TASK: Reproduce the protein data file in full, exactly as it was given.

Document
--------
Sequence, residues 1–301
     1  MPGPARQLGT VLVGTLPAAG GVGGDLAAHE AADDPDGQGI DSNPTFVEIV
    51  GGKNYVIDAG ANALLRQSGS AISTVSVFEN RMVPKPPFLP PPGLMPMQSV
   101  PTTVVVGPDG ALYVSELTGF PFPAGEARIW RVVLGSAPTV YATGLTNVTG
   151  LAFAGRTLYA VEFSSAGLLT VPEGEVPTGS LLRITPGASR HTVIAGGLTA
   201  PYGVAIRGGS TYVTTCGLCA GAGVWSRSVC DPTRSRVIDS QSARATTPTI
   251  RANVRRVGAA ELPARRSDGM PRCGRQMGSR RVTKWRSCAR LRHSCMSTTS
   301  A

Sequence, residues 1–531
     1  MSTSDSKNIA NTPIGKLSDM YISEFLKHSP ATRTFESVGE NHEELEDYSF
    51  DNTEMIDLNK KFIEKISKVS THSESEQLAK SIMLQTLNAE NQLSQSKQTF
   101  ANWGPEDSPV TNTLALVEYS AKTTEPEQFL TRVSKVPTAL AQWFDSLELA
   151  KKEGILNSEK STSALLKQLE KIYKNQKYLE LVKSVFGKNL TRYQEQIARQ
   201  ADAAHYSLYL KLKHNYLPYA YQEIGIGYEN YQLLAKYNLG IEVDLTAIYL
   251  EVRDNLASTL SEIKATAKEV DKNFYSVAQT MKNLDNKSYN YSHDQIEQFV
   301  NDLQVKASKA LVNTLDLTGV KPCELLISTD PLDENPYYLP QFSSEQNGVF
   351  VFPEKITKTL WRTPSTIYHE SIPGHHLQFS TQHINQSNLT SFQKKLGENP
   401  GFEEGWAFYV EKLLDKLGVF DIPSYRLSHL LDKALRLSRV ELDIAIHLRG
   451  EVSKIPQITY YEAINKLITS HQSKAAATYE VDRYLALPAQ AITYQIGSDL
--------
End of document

Sequence, residues 1–301
     1  MPGPARQLGT VLVGTLPAAG GVGGDLAAHE AADDPDGQGI DSNPTFVEIV
    51  GGKNYVIDAG ANALLRQSGS AISTVSVFEN RMVPKPPFLP PPGLMPMQSV
   101  PTTVVVGPDG ALYVSELTGF PFPAGEARIW RVVLGSAPTV YATGLTNVTG
   151  LAFAGRTLYA VEFSSAGLLT VPEGEVPTGS LLRITPGASR HTVIAGGLTA
   201  PYGVAIRGGS TYVTTCGLCA GAGVWSRSVC DPTRSRVIDS QSARATTPTI
   251  RANVRRVGAA ELPARRSDGM PRCGRQMGSR RVTKWRSCAR LRHSCMSTTS
   301  A

Sequence, residues 1–531
     1  MSTSDSKNIA NTPIGKLSDM YISEFLKHSP ATRTFESVGE NHEELEDYSF
    51  DNTEMIDLNK KFIEKISKVS THSESEQLAK SIMLQTLNAE NQLSQSKQTF
   101  ANWGPEDSPV TNTLALVEYS AKTTEPEQFL TRVSKVPTAL AQWFDSLELA
   151  KKEGILNSEK STSALLKQLE KIYKNQKYLE LVKSVFGKNL TRYQEQIARQ
   201  ADAAHYSLYL KLKHNYLPYA YQEIGIGYEN YQLLAKYNLG IEVDLTAIYL
   251  EVRDNLASTL SEIKATAKEV DKNFYSVAQT MKNLDNKSYN YSHDQIEQFV
   301  NDLQVKASKA LVNTLDLTGV KPCELLISTD PLDENPYYLP QFSSEQNGVF
   351  VFPEKITKTL WRTPSTIYHE SIPGHHLQFS TQHINQSNLT SFQKKLGENP
   401  GFEEGWAFYV EKLLDKLGVF DIPSYRLSHL LDKALRLSRV ELDIAIHLRG
   451  EVSKIPQITY YEAINKLITS HQSKAAATYE VDRYLALPAQ AITYQIGSDL